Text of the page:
The bumper sticker said, HONK IF YOU LOVE JESUS, and you can bet every time our family piled into Dad’s ugly blue Edsel, we got honked at all the way to town and back.
Clad in t-shirts and shorts, me and my sister, Rebecca (Becky is what we called her), had spent the morning outside with our pink-colored hula hoop, twisting a lazy summer day away. I was getting too old for hula hooping, but Becky was younger by three years, and she begged me to play with her, so I did. Besides, I thought it might help me get one of those curvy waistlines all the cheerleaders at my school had. I had the idea I might try out for cheerleading when school started in the fall.
Mother came out and announced that we had to deliver a casserole to Mrs. Pickle, whose husband had passed away. Our town was good like that. Whenever someone got sick, or a loved one died, or they had a baby, folks got together and took food, usually enough to last a whole month of Sundays.
We were halfway to Mrs. Pickle’s house when it happened. There was a tall man with red hair walking on the side of the road. When the sound of our car reached his ears, he turned around so he was facing us, and stuck his thumb out. Dad slowed down.
“You’re not gonna give him a ride, Bill?” Mother asked in that way she had of asking and telling at the same time, like when I tried to wear lipstick to school, and she said, “You’re not about to go to school like that?”
“It ain’t Christian to pass him by, Margaret,” Dad replied as he edged the car to the shoulder.
Our windows were all down because of the summer heat, so the man stuck his face in next to me and asked, “Catch a lift into town, Mister?”
“Sure thing,” Dad said. “Hop on in.”
The man opened my door, and I scooted closer to Becky.
He climbed in, slammed the door, and Dad pulled away. He smelled like sweat and musk, and he put his sticky hand on my bare, freckled leg. I didn’t say anything. I didn’t even look at him. I just stared at his sun-darkened hand on my pale white skin.
A couple of minutes went by and we were passing a cornfield when the man leaned forward, one hand still on my leg, and spoke to my dad.
“I need you to pull over now.”
Dad looked in the rear-view mirror. His eyes caught mine for a moment. “Town’s ten more minutes away,” he said.
“You ain’t going that far,” the man said, and then he put something black up next to Dad’s head.
Mother screamed. I gasped. Becky started to sob. Dad pulled the car over and put it in park.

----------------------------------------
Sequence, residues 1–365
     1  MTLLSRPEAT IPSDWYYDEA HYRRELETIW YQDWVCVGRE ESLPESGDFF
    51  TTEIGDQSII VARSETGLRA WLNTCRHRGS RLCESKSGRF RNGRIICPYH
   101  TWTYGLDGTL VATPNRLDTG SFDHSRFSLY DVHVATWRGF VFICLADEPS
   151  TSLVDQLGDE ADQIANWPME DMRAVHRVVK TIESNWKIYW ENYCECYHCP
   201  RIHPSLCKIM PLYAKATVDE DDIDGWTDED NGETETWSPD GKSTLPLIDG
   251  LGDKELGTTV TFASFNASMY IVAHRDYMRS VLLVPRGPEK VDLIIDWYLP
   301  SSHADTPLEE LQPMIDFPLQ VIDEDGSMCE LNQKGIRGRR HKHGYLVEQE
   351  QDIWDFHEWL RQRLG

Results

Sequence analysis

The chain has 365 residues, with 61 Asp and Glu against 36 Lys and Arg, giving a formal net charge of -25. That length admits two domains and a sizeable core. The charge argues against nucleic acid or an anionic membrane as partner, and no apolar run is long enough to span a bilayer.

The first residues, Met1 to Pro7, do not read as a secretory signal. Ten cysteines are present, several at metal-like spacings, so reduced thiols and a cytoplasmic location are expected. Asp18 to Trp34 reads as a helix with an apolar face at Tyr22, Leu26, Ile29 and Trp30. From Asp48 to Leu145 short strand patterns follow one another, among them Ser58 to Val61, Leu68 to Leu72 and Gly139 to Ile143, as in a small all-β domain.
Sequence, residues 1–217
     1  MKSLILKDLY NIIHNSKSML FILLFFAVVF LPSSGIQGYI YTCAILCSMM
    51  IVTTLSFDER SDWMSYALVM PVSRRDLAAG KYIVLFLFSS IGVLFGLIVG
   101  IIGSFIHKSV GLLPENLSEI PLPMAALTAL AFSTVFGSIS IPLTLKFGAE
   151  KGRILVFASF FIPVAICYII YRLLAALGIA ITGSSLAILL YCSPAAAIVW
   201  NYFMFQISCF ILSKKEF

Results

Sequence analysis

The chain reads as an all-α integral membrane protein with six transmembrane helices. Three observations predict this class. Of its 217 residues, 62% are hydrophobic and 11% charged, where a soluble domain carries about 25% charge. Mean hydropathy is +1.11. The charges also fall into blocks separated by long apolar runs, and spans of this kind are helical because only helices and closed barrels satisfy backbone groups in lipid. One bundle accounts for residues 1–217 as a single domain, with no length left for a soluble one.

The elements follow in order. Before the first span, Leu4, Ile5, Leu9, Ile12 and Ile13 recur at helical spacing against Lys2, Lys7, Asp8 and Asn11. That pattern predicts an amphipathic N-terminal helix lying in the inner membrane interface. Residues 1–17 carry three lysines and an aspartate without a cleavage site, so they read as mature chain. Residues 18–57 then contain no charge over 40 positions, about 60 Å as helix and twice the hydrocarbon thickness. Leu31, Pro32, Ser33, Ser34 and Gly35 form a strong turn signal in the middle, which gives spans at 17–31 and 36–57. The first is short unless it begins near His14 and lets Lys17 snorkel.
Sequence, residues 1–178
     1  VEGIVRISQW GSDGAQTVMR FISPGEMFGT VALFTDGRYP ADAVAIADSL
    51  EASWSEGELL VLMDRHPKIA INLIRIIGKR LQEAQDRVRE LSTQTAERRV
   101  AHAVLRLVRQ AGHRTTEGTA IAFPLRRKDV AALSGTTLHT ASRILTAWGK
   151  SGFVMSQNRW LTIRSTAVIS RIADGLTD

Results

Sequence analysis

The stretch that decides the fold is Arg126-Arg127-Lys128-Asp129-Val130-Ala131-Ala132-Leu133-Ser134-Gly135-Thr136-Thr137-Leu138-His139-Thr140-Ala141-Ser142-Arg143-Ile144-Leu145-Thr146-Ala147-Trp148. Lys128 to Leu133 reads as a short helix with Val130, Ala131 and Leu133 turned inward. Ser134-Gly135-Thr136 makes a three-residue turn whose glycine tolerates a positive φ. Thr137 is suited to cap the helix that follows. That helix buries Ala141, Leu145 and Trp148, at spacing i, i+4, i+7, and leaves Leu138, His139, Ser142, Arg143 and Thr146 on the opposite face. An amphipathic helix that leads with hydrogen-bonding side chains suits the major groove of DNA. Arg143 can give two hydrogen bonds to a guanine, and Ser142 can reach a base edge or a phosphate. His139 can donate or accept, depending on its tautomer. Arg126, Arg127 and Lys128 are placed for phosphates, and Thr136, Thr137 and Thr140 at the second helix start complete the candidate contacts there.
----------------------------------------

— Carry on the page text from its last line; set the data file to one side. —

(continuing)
“Now just calm down,” he told the man. “Put the gun away before somebody gets hurt.”
“Get out of the car,” the man demanded. “All of you.”
We all hurried out. Becky ran to Mother and I tried to go to Dad, but the man held his arm up and blocked my way. He demanded Dad’s wallet, and Dad tossed it to the ground. When the man bent over, Dad lunged at him, and that’s when the gun went off.
Dad fell slow and hard, and blood spilled onto the dirt around him. Mother ran to his side, hysterical, screaming. “Bill! Bill!” Becky wailed, and I stood frozen, staring at my dad.
The man grabbed my arm and yanked me toward the car. I tried to pull away, but I couldn’t get free. He opened the front door and threw me in. My head landed on Mother’s casserole. Then he jumped in and we sped away, leaving my dad on the ground and my mother and sister screaming.
He drove fast, much faster than Dad ever did. The only time he spoke to me was to ask what my name was.
“Bonnie,” I said in barely a whisper.
When we made it into town, he slowed down. I thought about jumping out, but then people started honking their horns at us, and he got all nervous. I didn’t tell him about the bumper sticker. He pulled the car over in a parking lot and jumped out. The last I saw of him was his black t-shirt disappearing behind the Piggly Wiggly market.
Back home, Becky threw her arms around me and I hugged her back. Mother said that bumper sticker saved my life.
The Sheriff came by this morning to tell Mother they caught the man who killed my dad, and he brought another casserole to add to the ninety-nine in the kitchen.
I took Becky’s hand and we went outside. I listened to the mesmerizing shoop-shoop as the hula hoop swiveled around Becky’s hips. She kept it going for a long time.
R.L. Black writes flash fiction and poetry. She is EIC of Unbroken Journal and her own writing has been published or is forthcoming in Literary Orphans, Maudlin House, Pidgeonholes, and more. You can find out more about the author and her publications at rlblack.weebly.com.